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Living and working with Nature – steps towards super-coherent living systems

October 12, 2016

There is an old saying, ‘May you live in interesting times’.

When someone said this to you it was viewed as both a blessing and a curse, because to live in interesting times means to face both danger and opportunity, to simultaneously embrace both breakdown and breakthrough, which is exactly what these transformative times demand of us.

The UN Secretary General refers to these times as the Great Transition; Joanna Macy, Thomas Berry and others have referred to it as the Great Turning.

‘Throughout the ages, people have said that the world is in the midst of big change.

But the level and degree of global change that we face today is far more profound than at any other period in my adult life. I call this period the Great Transition… I believe we face a unique opportunity.

Because the changes we face are so profound – the decisions we make will have a deeper and more lasting impact than perhaps any other set of decisions in recent decades. We have no time to lose.’ – UN Secretary General Ban Ki-Moon

My own contribution to this Great Turning is to shed some light on our relationship with Nature, to help illuminate the way we live and work with Nature.

I see this as primary to the challenges we face today, because whether it be climate change, neo-liberal economics, rampant social inequality or rising stress in the workplace, these are symptoms of a deeper underlying root cause – our sense of place and purpose in this world, the way we relate with life.

nature sust3

I have chosen to focus on how we can live and work with Nature by exploring what it means for our organisations to be thriving living systems in these times of transformation not least because if we only look at our ways of living outside of work then we run the risk of making it a hobby or ‘nice-to-have’. I feel it’s important to bring this way of working with Nature right into the heart of our corporate mind-set, so we allow ourselves and the living systems of our organisations to really come alive and thrive.

Hence, from 2009 onwards I have been running workshops and inquiries into what business inspired by and in harmony with Nature means. All the time this inquiry is deepening as I engage with great minds at the fore-front of this exploration.  This summer, for instance, I was invited to a private gathering of scientists and pioneering explorers in the diverse fields of quantum physics, psychology, neurobiology, wellbeing, consciousness, organisational develop and leadership. And in a moment I would like to share with you some of these pioneering findings on how we can help our organisations thrive as living systems in these transformative times through what is referred to as ‘super-coherence’.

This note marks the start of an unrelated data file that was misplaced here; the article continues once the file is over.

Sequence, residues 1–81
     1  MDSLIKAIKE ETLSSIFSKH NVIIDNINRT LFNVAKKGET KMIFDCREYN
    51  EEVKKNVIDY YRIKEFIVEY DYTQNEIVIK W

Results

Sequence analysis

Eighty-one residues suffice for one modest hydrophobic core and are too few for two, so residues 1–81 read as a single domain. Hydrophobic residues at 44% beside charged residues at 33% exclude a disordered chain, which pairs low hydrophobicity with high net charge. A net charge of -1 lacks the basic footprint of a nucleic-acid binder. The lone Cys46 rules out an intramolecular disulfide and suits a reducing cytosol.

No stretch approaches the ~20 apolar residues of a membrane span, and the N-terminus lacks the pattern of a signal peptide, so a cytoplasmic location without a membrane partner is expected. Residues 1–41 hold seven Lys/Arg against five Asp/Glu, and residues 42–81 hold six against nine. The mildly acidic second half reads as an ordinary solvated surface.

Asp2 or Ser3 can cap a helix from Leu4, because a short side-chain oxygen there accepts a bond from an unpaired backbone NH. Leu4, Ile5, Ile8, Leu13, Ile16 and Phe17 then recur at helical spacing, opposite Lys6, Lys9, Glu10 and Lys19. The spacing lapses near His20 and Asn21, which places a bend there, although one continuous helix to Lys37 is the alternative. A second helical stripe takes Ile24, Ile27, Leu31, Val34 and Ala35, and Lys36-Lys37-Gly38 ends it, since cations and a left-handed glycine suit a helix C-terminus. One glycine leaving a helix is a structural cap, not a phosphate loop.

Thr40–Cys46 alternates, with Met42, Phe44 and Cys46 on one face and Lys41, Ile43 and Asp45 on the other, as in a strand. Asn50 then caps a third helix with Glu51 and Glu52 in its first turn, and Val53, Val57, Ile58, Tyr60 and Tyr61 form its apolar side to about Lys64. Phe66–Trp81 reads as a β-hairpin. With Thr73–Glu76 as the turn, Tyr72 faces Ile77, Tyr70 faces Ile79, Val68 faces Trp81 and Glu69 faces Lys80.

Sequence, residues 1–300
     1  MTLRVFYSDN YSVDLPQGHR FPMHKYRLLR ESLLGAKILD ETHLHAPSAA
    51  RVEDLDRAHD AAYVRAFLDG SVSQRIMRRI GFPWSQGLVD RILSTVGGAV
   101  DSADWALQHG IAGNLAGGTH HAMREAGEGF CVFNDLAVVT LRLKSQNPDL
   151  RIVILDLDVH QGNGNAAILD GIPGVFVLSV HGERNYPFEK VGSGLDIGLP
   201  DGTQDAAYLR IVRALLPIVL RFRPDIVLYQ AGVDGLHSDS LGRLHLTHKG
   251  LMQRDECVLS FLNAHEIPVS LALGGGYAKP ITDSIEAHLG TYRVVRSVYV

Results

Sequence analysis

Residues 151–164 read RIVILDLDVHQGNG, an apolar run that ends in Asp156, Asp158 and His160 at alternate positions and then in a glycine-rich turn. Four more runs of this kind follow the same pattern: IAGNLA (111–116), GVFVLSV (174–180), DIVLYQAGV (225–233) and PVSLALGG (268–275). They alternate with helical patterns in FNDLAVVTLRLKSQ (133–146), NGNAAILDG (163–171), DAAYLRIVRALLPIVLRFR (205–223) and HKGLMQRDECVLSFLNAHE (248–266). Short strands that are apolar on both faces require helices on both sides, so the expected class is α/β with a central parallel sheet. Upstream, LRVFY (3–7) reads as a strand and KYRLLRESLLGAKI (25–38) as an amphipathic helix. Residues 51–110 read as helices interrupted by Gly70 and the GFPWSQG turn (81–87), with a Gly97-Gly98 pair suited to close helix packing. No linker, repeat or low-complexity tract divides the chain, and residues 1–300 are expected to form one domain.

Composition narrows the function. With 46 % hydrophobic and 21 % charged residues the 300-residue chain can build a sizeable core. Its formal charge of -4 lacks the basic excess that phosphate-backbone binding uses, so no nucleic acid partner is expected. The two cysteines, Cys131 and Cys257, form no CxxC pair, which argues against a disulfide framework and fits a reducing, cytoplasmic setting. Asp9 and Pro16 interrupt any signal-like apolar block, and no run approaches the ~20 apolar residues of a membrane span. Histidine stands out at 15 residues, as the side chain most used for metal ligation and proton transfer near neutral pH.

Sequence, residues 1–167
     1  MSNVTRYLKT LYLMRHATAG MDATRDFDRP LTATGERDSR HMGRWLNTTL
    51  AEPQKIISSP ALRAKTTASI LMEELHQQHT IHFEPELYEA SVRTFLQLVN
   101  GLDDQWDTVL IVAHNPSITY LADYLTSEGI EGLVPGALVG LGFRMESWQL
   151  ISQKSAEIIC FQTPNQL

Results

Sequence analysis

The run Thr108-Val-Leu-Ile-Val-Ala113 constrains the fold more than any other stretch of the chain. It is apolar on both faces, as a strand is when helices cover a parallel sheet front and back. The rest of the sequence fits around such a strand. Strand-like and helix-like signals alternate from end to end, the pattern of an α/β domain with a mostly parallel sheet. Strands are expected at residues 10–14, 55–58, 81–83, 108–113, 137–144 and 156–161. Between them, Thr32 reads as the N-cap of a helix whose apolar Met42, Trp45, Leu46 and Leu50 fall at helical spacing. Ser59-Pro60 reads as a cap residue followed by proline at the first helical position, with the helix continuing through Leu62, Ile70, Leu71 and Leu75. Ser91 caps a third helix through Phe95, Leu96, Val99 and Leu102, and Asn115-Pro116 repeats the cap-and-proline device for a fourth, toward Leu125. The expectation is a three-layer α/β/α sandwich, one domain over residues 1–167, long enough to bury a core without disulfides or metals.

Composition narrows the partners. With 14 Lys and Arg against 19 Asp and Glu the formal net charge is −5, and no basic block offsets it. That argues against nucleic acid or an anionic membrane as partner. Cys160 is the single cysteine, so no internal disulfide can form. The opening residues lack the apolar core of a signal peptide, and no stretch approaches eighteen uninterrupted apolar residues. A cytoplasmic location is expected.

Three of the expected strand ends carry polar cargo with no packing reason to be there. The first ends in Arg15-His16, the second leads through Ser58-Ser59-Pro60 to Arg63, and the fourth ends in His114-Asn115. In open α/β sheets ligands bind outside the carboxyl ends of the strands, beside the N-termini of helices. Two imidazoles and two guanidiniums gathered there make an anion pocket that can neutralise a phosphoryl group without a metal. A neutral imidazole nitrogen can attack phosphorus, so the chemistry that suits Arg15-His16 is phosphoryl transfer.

First, I would like to share with you a bit about my personal story – why I am involved in this work.

Having spent the last 20 years in business, previously as a management consultant and more recently as Global Director of a multinational with over 50,000 people worldwide, I have spent my fair share of time hanging out in airport lounges and non-descript hotel rooms overlooking neon lit car parks not sure whether I was waking up in Mumbai, Amsterdam or Paris, often facing on average around two or three hundred emails a day along with webinars, conference-calls, and endless meetings in rooms with limited natural light. In the process, I have spent a lot of time feeling dis-connected. Yet, there has always been a deep feeling within me, which from an early age I promised to myself I would never let-go off.

From as early as I can recall, I have always been deeply in love with Nature, with Life.


At one level this deep love is a feeling of enchantment with the awe-inspiring beauty and mind-boggling experience of this life: the every changing sun-rises and sun-sets, the evolving moment in our midst, the blade of grass or leaf on the tree well beyond anything our human ingenuity could come up with.

Yet, at another level, this feeling of love is a deeper feeling within me, which is hard to describe – a feeling of deep belongingness, of connectedness. When I allow myself to go into this feeling deep inside of me, and allow this feeling of belongingness to come into my conscious awareness, I sense a subtle shift in how I attend to life. I notice my problems and worries seem different, they gain perspective, I seem more able to empathise with the wider context, and I notice a shift in my sense of self as I begin to feel more open, inter-related and in love with life as it is in that moment.

David Bohm and other famous quantum scientists refer to a ground-of-all-being permeating through all of life that our daily consciousness may sometimes become aware of. This is the same notion the social ecologist Gregory Bateson refers to when explaining that our individual minds’ are nested within a wider and deeper Mind of Nature.

‘The individual mind is immanent but not only in the body. It is immanent also in the pathways and messages outside of the body; and there is a larger Mind of which the individual mind is only a sub-system.’  Gregory Bateson, social ecologist

As I connect with this feeling within me, my beingness opens up to this Mind of Nature, and the way I attend to the world shifts. I experience first-hand what leadership specialist Otto Scharmer refers to as a shift from ‘absencing’ (a heightened ‘ego-self’ which is desensitised from the world around it, acting in a focused yet defensive, reactive, change-adverse, self-assertive way) to ‘presencing’ (a more permeated ‘ego-self’ which is more soulful and inter-relational – aka ‘ecological-self’ – acting in a more open, empathetic, responsive, exploratory, participatory way).

butterfly true

When I go into this feeling of love inside myself, I can witness this subtle change – I can sense myself becoming more in harmony with life, becoming more connected and coherent as I begin to live and work with Nature. I sense myself shifting from dis-ease to wellbeing.